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What is a Scrum Team?

Before we break down what makes a Scrum team, let’s define what Scrum actually is.

Scrum is an agile project management framework that can be used for different types of projects, but mainly for software development projects with the ultimate goal of producing new software feature every one to four weeks.

Who uses the Scrum method?

Scrum is broadly used by teams working on software development. In fact, around 70% of software development teams use it according to the 12th Annual State of Agile Report (http://stateofagile.versionone.com/).

However, Scrum is not just limited to the software development industry. Over the years, it has spread through other industries such as marketing.

What are the Benefits of using the Scrum method?

Teams who have adapted the Scrum method into their regular work flow have experienced better quality of outputs, higher productivity rates, improved satisfaction with stakeholders, better work dynamics, and most importantly, happier employees.

Who is involved in an Agile Scrum Development?

The Scrum method is mainly focused on team roles, ceremonies (also known as events), rules and artifacts.

The Scrum Team

A Scrum team is usually comprised of around seven to nine members, and this team have no specific team leader that would assign tasks to each member or help solve any issues that the team may encounter along the way.

This way, the Scrum team works as one unit to address any issues and solve problems that may arise. Each member of the team is a significant part of a solution and project completion.

Despite not having a specific leader, there are three significant roles in a Scrum team.

The Product Owner

Also known as the project’s stakeholder, the product owner is usually a customer, external or internal. The product owner is the one who communicates the product’s general vision and mission to the team. The product owner is the one who is eventually responsible for managing the product backlog, and the one who accepts the finished increments of work.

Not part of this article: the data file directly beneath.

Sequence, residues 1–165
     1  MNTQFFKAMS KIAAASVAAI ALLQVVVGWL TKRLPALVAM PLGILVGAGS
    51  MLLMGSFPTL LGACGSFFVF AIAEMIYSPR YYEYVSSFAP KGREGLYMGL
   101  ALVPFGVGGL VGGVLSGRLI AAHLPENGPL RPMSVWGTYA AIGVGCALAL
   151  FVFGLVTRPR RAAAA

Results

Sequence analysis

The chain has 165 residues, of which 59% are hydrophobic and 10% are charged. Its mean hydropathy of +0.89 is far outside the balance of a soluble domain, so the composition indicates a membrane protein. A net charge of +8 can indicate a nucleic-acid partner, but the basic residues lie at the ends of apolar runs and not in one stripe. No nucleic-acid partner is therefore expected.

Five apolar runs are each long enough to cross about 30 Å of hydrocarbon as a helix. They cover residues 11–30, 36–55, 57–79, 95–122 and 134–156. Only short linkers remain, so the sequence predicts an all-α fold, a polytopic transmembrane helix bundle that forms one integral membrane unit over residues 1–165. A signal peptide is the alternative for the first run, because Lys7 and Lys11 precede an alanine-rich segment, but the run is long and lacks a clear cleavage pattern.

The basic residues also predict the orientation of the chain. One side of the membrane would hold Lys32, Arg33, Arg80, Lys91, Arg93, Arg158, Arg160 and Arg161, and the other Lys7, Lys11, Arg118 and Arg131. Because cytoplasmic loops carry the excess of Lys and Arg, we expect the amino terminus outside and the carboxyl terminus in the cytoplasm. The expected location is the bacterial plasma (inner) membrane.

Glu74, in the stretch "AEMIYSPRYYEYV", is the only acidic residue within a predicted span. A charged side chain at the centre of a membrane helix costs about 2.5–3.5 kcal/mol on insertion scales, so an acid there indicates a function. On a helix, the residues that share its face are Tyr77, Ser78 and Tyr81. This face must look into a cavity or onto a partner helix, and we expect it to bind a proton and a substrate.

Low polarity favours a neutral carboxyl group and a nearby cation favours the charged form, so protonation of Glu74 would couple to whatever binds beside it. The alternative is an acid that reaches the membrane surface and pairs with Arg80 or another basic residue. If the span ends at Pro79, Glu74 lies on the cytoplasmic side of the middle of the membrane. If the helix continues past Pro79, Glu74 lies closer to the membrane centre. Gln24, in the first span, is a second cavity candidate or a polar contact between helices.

The Scrum Master

Despite the mighty name, the role of the Scrum Master is to be a servant leader to the product owner and the development team, as well as the entire organisation. The Scrum Master does not really have any hierarchal power over the entire team but is more of like a facilitator who ensures that the team is sticking to the Scrum method throughout the project. The Scrum Master also helps the team to achieve optimum performance which may include facilitating meetings, removing obstructions, and helping the product owner with the product backlog.

The Development Team

The Development Team are self-organizing and are cross-functional, they are well equipped with all the skills needed to make shippable increments at the end of each sprint. Members of this team may have special skills or fortes, but the accountability goes to the team as a whole.

Scrum Ceremonies (Scrum Events)

The Sprint

A sprint is simply a timed period during which specific task is accomplished and is prepared for review. Sprints usually take around two to four weeks long but can also be as short as a week.